The Business and Energy Secretary announces investment into battery technology at the University of BirminghamWritten by Phoebe Radford on 2nd August 2017
‘Buy for Uni’ Mortgage Introduced
Students are now given the chance to 'Buy for Uni' with new mortgage opportunities
The Loughborough Building Society has launched a new 'Buy for Uni' mortgage aimed at university students who wish to own, rather than rent, property. The Building Society becomes the second lender of this niche loan, as it joins Bath Building Society in offering students to become landlords.
With graduates struggling to build up a deposit large enough to buy a property, the scheme provides university students in England and Wales with the opportunity to own a home before student debt has accumulated.
'Buy for Uni' effectively turns students into landlords, as they can rent out spare rooms. The aim is that the money earned on rent will cover more than the commitments on the loan.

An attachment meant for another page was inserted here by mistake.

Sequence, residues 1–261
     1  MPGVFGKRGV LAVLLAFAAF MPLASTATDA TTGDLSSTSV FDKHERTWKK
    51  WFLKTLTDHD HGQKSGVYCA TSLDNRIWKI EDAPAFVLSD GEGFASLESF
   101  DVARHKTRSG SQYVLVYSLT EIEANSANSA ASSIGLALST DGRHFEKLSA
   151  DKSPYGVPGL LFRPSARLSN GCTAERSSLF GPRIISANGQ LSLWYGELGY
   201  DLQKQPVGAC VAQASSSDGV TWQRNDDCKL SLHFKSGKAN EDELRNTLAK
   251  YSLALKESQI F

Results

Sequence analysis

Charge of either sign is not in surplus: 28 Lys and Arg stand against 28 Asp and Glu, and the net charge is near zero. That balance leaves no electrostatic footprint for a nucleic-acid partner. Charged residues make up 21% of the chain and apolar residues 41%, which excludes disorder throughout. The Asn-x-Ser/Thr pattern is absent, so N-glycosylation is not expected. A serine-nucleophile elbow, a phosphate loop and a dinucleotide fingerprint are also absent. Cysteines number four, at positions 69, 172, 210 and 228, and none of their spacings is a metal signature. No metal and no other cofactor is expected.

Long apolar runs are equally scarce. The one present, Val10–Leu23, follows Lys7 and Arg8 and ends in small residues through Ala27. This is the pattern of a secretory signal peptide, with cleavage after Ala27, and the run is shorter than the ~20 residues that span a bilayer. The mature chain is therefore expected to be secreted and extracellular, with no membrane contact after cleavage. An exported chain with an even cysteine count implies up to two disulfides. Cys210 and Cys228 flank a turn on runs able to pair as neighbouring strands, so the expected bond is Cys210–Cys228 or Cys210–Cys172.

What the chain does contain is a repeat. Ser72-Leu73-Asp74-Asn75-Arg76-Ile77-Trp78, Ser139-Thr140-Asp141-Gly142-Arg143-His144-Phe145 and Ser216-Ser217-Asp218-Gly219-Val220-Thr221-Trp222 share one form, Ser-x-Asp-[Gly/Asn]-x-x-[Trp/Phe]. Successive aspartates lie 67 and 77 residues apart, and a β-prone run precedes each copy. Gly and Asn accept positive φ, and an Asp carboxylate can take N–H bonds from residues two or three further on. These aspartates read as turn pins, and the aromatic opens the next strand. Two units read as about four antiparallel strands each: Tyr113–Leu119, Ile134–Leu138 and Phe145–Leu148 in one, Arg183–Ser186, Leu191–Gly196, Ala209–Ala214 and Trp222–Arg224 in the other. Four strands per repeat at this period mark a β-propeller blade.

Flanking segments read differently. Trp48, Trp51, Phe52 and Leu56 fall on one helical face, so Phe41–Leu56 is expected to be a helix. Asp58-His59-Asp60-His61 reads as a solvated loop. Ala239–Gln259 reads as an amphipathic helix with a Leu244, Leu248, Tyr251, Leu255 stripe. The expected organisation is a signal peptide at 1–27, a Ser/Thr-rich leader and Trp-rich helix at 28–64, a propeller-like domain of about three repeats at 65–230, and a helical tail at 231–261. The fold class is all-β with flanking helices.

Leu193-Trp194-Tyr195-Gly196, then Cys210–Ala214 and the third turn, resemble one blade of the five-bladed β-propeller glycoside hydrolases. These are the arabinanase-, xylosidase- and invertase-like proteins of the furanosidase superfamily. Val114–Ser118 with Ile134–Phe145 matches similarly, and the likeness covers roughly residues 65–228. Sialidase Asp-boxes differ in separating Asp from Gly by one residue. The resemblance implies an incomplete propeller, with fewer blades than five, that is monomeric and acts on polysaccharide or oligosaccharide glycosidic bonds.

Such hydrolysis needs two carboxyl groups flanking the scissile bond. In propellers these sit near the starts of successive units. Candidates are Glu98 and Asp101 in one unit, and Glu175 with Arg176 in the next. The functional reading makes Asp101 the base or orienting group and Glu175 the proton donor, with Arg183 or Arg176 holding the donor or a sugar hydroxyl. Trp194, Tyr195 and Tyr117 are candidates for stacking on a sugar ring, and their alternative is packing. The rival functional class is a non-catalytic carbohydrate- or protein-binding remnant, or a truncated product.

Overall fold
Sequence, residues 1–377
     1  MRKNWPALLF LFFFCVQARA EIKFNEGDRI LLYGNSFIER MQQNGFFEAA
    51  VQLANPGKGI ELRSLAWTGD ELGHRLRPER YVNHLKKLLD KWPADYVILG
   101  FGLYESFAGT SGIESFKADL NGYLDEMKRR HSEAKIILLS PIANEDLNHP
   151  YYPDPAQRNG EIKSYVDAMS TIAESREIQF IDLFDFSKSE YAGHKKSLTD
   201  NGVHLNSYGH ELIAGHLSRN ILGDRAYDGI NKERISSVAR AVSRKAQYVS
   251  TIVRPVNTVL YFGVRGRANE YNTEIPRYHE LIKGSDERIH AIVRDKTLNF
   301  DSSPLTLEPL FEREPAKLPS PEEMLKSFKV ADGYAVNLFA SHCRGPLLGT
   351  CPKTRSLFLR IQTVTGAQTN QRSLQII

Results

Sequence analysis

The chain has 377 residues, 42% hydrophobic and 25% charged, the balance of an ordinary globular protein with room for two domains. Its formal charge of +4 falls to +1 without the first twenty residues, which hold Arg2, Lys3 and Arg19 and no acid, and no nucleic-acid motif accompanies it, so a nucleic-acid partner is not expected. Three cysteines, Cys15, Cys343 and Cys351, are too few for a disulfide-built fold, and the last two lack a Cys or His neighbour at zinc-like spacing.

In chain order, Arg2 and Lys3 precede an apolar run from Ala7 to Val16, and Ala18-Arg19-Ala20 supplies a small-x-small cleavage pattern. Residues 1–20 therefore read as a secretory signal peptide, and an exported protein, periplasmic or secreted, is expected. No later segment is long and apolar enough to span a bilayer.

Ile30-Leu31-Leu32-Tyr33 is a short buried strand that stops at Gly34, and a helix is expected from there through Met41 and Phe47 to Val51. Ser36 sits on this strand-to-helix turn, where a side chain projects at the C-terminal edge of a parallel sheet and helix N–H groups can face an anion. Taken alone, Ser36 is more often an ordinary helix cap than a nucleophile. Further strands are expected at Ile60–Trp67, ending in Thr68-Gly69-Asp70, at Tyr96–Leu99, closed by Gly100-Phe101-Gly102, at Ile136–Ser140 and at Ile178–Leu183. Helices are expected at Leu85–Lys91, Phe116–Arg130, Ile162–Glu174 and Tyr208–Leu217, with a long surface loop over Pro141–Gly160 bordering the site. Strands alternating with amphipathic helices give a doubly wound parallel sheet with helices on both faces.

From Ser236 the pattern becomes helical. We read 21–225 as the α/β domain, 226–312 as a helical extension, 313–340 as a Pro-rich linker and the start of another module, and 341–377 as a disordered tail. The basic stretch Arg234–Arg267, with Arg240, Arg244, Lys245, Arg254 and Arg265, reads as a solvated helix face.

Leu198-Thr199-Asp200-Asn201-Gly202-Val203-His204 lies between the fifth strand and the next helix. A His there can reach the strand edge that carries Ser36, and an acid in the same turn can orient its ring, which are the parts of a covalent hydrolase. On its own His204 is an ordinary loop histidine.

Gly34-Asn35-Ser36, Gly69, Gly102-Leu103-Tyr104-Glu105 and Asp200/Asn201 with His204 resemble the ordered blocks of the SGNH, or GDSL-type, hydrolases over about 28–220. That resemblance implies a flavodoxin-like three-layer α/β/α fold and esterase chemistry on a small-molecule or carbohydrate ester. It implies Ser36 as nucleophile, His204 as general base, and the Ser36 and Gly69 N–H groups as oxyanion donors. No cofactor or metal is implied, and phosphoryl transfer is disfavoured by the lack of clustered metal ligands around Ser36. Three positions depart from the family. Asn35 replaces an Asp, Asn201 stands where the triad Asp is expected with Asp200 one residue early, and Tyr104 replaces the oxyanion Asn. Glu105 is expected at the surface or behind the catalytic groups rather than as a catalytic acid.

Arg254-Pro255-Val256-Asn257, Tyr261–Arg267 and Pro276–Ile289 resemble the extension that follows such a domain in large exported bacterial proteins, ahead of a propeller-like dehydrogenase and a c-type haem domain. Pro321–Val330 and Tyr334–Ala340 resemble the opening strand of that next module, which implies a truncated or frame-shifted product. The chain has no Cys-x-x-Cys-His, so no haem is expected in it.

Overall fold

Interest rates on the loans range between 4.54% and 4.74%, depending on the security and terms of the loans, which is higher that usual for first-time buyers.
Chief executive of Loughborough Building Society, Gary Brebner, says that the rent earned on spare rooms should also cover a potential rise in interest rates, or that the guarantor will step in if the student is unable to meet these commitments.
“‘Students should be careful of offers that seem ‘too good to be true’
The scheme offers loans up to £300,000, and finances up to 100% of the property. Close relatives - parents, step-parents or grandparents - have to provide security if the loan is for more than 80% of the value of the property. This requires the student's close relatives to have a substantial amount in cash or in equity on their own home.
The Bath Building Society has had a similar scheme going for nine years, with a loan-to-value ratio of 75%. Chief Executive of the Bath Building Society, Dick Jenkins, says that the default rates on these loans are much lower than on typical mortgages. They have not encountered problem cases.
The security required from close relatives in both schemes implies that the loans are targeted at students from wealthier families, with sufficient value in either cash or equity in the family home.
Students' representatives are urging students to be cautious about the loans, making sure they are aware of the hidden costs and terms involved.
Vice President for welfare at the National Union of Students says: ‘Students should be careful of offers that seem ‘too good to be true’. Buying a house will usually involve significant hidden costs for deposits, agents and surveyors, even if the monthly payments seem to compare well with rented properties’.